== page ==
LEAD Action News
LEAD Action News Volume 13 Number 3, May 2013, ISSN 1324-6011
Incorporating Lead Aware Times ( ISSN 1440-4966) and Lead Advisory Service News (ISSN 1440-0561)
The Journal of The LEAD (Lead Education and Abatement Design) Group Inc.
Editorial Team: Elizabeth O’Brien, Zac Gethin-Damon, Hitesh Lohani and Shristi Lohani

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Lead Poisoning as a Criminal Defense – an annotated bibliography

By Samantha Dupuch, Legal Intern, and Robert Taylor, Researcher, The LEAD Group Inc.

  • The Criminal Mind - Advances in genetics and neuroscience are revolutionizing our understanding of violent behavior as well as ideas about how to prevent and punish crime, by Adrin Raine April 26, 2013, The Saturday Essay, Wall Street Journal (WSL) 7:28 p.m. ET

Criminals can be identified based on their physical characteristics. Numerous studies have shown the link between genes and crime and aggression. As for environmental factors, lead is considered as one that affects aggression and violence. Other factors include smoking and drinking by the mother before birth, complications during birth and poor nutrition early in life. Increasing scientific understanding of violence behaviour would be a step forwards in preventing crime, for example more accurate risk assessment for reoffending by neurocriminology.

Research Paper by student: Discussion on the use of lead poisoning as a criminal defense in the United States.

Abstract: This essay reports the results of the 'Biosocial Study,' one of this country's largest longitudinal' studies of biological, sociological, and environmental predictors of crime. This essay then considers whether it is viable to establish a lead poisoning criminal defense in light of the Biosocial Study's finding of a significant relationship between lead poisoning and three variables indicating behavioral problems at different ages: adult crime, juvenile crime, and disciplinary problems in school. It is suggested that it is philosophically inconsistent to provide for criminal defenses based upon what appear to be 'internal' factors, such as brain tumors, but then discount defenses based on what appear to be 'external' factors, such as lead poisoning or other types of environmental factors, given the fragile assumptions of causation that this 'internal-external' distinction is based on.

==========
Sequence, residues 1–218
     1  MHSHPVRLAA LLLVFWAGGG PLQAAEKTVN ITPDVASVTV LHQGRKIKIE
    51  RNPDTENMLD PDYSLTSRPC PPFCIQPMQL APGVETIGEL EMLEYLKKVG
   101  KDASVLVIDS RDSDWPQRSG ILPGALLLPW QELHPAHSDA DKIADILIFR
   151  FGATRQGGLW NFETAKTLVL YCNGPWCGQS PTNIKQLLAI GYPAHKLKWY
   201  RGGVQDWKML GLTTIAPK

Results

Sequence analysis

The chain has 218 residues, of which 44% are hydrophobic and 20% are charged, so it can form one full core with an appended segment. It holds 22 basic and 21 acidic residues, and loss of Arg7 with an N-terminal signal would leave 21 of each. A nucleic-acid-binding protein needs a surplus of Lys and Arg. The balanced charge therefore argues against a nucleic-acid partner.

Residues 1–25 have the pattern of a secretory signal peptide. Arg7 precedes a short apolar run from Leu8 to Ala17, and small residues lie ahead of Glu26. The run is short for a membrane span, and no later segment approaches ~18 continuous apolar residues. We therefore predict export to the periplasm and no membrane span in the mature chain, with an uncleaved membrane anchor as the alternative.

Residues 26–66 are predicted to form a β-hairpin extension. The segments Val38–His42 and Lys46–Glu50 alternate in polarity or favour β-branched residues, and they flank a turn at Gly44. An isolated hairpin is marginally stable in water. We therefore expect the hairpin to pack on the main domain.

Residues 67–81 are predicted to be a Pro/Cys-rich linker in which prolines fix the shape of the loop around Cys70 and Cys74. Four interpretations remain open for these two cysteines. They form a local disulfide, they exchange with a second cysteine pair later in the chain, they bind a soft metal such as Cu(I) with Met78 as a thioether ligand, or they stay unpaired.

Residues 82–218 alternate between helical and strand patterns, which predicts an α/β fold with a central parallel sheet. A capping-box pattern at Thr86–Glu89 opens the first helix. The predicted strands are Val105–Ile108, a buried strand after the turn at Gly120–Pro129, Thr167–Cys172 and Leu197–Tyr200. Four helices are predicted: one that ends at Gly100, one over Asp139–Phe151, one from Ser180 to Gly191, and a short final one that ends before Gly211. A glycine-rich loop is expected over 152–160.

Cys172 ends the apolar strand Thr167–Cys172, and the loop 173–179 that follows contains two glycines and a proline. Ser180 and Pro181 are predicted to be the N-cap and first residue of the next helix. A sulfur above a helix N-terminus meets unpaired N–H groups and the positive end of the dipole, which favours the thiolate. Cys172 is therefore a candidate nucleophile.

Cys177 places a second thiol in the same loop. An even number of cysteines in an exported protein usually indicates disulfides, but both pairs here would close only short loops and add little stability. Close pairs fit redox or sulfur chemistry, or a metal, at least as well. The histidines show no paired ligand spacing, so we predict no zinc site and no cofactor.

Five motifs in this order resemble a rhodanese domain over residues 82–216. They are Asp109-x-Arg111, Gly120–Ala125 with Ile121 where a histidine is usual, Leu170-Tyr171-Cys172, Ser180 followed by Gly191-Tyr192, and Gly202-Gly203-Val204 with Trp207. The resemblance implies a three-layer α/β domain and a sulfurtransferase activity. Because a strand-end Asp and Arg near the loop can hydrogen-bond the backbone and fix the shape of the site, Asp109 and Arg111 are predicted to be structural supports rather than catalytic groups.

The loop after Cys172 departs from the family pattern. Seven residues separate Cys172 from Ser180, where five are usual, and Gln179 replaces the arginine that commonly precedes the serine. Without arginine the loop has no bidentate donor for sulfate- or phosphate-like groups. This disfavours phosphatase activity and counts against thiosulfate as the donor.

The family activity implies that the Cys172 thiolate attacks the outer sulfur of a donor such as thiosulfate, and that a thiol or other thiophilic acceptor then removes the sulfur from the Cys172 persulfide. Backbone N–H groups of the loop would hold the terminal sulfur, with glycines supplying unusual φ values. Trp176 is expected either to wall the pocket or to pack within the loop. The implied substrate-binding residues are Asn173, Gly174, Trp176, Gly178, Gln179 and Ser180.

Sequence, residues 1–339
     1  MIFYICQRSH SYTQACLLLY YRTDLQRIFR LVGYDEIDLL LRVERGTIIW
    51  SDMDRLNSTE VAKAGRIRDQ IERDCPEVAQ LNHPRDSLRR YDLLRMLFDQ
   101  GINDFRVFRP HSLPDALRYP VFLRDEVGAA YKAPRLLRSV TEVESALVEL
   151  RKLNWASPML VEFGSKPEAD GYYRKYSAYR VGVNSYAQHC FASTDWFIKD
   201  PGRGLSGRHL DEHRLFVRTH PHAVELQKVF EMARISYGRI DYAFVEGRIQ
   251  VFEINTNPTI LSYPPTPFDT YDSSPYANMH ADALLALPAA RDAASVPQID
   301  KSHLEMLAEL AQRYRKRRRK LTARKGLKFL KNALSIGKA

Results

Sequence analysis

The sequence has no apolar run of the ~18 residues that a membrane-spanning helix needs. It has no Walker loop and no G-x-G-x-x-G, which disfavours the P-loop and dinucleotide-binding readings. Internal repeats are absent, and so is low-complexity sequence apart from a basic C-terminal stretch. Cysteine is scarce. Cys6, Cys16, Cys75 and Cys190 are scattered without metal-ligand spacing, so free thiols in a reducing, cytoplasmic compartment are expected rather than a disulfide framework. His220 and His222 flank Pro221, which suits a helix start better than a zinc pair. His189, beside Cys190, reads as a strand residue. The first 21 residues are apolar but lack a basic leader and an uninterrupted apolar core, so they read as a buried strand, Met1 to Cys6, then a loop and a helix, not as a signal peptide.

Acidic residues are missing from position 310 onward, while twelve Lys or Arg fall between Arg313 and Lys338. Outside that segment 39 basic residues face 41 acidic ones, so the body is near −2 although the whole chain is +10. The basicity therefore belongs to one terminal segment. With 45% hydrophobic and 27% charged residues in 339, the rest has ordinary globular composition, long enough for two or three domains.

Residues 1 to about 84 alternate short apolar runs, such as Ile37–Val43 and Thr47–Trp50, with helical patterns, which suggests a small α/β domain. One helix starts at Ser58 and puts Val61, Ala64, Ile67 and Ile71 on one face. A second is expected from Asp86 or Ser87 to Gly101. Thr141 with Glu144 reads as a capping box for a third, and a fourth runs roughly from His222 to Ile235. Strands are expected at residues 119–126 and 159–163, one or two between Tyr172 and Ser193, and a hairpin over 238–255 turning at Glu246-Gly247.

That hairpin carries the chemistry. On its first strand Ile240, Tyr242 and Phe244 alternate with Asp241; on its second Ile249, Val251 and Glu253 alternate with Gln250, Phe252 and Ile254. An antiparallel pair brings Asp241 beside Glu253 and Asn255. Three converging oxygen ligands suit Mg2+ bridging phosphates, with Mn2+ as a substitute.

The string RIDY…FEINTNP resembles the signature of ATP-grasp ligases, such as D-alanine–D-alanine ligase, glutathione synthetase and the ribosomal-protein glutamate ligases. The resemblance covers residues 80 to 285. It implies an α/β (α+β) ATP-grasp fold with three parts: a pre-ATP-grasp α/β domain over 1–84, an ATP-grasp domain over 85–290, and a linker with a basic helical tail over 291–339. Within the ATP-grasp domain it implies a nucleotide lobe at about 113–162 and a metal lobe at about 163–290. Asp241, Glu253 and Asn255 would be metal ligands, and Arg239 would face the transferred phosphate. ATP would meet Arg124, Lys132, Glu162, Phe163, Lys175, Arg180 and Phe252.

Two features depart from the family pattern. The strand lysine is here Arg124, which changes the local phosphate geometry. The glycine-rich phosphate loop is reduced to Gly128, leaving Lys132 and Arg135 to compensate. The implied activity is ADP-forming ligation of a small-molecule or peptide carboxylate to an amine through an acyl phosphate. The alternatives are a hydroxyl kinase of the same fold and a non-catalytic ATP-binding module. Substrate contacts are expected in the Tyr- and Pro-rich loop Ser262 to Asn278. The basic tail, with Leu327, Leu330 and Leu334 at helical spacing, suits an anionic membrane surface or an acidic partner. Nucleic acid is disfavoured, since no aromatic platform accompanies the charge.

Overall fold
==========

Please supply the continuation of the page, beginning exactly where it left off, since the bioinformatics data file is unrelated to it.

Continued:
Articles which have been or might one day be used to justify considering Lead Poisoning as a Criminal Defense

The study aims to demonstrate the relationship between lead exposure trends in American children and fluctuations in the IQ score distributions over the years, and the evolution of relationships between trends in lead exposure, in IQ distribution and trends in crime rate and the rate of unwed pregnancies.


This study shows a very strong association between preschool blood lead and subsequent crime rate trends over several decades in the USA, Britain, Canada, France, Australia, Finland, Italy, West Germany, and New Zealand. The relationship is characterized by best-fit lags (highest R2 and t-value for blood lead) consistent with neurobehavioral damage in the first year of life and the peak age of offending for index crime, burglary, and violent crime. The impact of blood lead is also evident in age-specific arrest and incarceration trends. Regression analysis of average 1985-1994 murder rates across USA cities suggests that murder could be especially associated with more severe cases of childhood lead poisoning.


Childhood lead exposure can lead to psychological traits that are strongly associated with aggressive and criminal behavior. In the late 1970s in the United States, lead was removed from gasoline under the Clean Air Act. I use the state-specific reductions in lead exposure that resulted from this removal to identify the effect of childhood lead exposure on crime rates. The elasticity of violent crime with respect to childhood lead exposure is estimated to be 0.8, and this result is robust to numerous sensitivity tests. Mixed evidence supports an effect of lead exposure on murder rates, and little evidence indicates an effect of lead on property crime. Overall, I find that the reduction in childhood lead exposure in the late 1970s and early 1980s was responsible for significant declines in violent crime in the 1990s and may cause further declines in the future. Moreover, the social value of the reductions in violent crime far exceeds the cost of the removal of lead from gasoline.

Childhood lead exposure is a purported risk factor for antisocial behavior, but prior studies either relied on indirect measures of exposure or did not follow participants into adulthood to examine the relationship between lead exposure and criminal activity in young adults. The objective of this study was to determine if prenatal and childhood blood lead concentrations are associated with arrests for criminal offenses.

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